Musings on everyday probability
Josh will tell us about R0, the base reproduction number of a disease, and why we need to worry about it.
Washington State continues to flatten. Not so for other states.
We made it through the weekend. Is Lousiana still the worst? Maybe.
New York has by far the most deaths, followed by Washington State, but Washington won't be the second state to hit 1,000 deaths. Here's why.
You've probably heard a lot about New York being the center of the outbreak in the US. That's true, but due to their testing, NY looks much worse than other areas when it's only a little worse than some. What areas should we be worried about?
Right now, in the US, deaths from COVID-19 are still increasing at an exponential rate. This means they double every few days. A shutdown in other countries, like we have in NY, quickly curbed infections -- that is the only explanation for the end of exponential growth in China, and now in Italy.
Our NYC mayor is freaking out because of the dramatic increase in cases. He's wrong.
The current death rate in the U.S. for the coronavirus is more than 4%. But it's way too high, and that's bad news.
The evidence that showing vaccines are safe and that they save lives is generally overwhelming, so I'm always pleased to see another article reviewing the data behind them. I figure such articles will lead to even more people being vaccinated and more lives saved.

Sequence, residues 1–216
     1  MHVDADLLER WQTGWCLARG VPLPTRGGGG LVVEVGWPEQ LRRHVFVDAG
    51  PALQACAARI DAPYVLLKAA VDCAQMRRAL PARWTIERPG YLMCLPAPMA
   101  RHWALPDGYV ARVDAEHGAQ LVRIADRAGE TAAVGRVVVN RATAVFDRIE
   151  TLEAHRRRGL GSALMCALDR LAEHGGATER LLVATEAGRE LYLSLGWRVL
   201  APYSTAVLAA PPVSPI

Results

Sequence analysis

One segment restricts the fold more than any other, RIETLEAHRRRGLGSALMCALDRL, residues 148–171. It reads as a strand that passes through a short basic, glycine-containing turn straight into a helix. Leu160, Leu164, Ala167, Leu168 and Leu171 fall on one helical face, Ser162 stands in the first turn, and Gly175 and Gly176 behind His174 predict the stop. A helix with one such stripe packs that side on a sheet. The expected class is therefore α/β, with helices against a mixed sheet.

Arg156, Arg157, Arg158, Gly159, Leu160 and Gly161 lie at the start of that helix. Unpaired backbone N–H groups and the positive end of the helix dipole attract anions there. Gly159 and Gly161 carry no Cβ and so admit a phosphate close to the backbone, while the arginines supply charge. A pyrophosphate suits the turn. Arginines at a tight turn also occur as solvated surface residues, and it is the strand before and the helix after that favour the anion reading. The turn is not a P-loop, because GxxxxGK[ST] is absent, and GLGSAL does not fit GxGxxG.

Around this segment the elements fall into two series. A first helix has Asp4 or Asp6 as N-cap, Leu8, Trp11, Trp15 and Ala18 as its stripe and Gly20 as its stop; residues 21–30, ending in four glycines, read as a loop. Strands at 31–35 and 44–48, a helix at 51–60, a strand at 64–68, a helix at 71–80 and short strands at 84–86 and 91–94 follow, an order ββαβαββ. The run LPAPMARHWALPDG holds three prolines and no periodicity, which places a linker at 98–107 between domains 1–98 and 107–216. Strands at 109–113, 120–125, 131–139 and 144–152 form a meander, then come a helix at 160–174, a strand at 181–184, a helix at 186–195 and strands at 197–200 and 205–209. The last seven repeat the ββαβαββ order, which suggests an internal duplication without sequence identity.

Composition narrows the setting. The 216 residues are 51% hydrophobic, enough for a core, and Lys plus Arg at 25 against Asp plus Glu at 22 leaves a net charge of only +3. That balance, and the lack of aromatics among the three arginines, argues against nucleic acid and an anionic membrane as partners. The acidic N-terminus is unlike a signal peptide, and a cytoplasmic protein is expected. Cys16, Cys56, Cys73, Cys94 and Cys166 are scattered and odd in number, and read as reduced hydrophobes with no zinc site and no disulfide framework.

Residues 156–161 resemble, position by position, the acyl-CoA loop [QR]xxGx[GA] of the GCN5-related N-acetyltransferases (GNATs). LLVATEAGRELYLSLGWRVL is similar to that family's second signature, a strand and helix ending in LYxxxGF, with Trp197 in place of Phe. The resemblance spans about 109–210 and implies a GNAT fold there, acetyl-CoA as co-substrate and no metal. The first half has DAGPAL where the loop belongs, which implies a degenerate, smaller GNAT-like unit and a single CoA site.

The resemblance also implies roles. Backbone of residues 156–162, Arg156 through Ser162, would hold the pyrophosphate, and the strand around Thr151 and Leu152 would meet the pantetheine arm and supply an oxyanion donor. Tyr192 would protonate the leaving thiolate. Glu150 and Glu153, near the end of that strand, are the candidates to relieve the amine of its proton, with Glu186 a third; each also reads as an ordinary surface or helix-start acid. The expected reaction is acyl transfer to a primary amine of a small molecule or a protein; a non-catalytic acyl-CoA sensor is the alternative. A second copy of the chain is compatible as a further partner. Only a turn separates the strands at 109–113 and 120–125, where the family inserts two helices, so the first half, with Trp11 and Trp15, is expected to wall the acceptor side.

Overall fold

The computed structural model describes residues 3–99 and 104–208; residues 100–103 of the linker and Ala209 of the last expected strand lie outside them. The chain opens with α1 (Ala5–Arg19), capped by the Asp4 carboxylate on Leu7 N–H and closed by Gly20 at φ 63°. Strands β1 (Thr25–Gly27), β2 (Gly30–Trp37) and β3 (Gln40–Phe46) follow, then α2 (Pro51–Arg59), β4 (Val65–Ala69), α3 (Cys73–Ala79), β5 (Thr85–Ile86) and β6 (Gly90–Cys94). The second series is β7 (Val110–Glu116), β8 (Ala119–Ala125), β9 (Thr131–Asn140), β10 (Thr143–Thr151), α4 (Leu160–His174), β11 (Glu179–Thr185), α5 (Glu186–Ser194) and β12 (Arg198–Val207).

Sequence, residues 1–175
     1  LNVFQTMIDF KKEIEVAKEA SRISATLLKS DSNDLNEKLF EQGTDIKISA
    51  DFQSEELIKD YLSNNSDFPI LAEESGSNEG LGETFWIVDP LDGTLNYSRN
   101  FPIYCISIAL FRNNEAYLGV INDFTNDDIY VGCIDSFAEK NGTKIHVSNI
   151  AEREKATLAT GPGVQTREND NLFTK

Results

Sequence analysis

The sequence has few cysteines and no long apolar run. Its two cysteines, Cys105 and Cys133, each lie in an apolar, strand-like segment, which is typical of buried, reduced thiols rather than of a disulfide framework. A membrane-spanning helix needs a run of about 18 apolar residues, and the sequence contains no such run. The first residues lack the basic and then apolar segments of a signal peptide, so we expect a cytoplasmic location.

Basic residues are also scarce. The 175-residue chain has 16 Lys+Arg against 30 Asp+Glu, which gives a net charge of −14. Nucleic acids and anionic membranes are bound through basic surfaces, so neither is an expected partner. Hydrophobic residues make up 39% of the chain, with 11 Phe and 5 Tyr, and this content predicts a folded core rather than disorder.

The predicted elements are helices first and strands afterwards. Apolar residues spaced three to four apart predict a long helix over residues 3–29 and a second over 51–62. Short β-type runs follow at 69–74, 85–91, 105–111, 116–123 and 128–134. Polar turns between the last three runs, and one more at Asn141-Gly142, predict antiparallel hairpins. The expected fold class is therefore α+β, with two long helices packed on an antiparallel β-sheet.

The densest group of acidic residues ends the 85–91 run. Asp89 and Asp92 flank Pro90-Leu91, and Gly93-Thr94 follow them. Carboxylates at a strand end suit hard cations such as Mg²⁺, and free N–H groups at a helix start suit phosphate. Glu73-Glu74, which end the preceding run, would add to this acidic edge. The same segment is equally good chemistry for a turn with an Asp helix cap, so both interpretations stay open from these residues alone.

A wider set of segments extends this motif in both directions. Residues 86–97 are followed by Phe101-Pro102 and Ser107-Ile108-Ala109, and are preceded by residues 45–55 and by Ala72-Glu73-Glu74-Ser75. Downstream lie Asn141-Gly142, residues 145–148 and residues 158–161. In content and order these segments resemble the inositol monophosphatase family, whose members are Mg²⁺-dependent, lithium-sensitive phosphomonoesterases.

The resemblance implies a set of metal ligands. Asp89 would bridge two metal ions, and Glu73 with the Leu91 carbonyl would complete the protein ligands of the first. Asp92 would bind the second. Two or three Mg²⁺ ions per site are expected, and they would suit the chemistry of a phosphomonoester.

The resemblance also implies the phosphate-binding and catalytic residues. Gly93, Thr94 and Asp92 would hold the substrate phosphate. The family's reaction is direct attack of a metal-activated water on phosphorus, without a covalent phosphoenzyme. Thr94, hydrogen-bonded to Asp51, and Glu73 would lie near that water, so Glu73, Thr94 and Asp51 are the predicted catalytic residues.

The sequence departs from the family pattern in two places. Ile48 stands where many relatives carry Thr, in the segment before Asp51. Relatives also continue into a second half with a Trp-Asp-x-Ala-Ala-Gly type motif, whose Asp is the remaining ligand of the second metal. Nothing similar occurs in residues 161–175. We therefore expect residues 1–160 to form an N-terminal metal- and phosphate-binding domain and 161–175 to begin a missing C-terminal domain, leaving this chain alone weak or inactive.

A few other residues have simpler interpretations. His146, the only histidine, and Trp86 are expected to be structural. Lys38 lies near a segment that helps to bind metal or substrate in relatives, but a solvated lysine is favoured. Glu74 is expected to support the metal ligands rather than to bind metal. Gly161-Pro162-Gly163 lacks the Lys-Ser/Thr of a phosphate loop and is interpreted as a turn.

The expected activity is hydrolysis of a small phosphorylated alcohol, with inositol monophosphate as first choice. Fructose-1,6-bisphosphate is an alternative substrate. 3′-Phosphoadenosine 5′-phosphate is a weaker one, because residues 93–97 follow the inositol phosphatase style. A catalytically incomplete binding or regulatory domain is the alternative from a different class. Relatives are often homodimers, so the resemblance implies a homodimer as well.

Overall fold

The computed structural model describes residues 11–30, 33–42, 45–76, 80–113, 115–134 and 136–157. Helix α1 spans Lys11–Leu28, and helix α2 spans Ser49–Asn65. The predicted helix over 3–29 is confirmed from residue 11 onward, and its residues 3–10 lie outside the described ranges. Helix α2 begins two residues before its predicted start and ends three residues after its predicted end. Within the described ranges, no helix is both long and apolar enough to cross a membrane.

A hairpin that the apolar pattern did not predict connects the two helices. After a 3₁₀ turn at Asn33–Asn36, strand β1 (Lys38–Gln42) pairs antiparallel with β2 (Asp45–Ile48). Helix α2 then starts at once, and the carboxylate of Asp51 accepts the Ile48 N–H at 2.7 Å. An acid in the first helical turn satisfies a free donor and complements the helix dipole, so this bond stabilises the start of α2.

However, I was disappointed that a recent New York Times article did the statistics so poorly. The article compares 10,000 people who got various diseases with 10,000 people who were vaccinated. This comparison is inappropriate, because most people who do not get vaccinated do not get the disease they are being vaccinated for, and, especially for diseases like the flu, many people who do get vaccinated get the disease they were vaccinated for. A proper comparison would compare some number of people who were vaccinated against the same number who were not vaccinated.
Lesson 2: The Made-up Probability
My prior discussion regards improperly multiplying probabilities when using statistics in court. But what about when someone simply makes up the probabilities? Surely, that wouldn’t happen in a court of law would it?
This is the first in two blogs regarding incorrect use of statistics in court.
The chances that a randomly selected man will be 7 feet tall or more is about one in a million. So it follows that the chance of two randomly selected men being 7 footers is the square of one in a million, which is one in a trillion, right?
An article and accompanying graph in the New York Times claims that low-skilled workers are not gaining the advantage they once were by moving to big cities. But it misses something important, calling the whole claim into question.
In the third quarter of the NBA Eastern Conference Finals last week, Boston missed all 14 3-pointers they attempted. This led the announcer to say something like, "by the law of averages, they are bound to improve." But will they?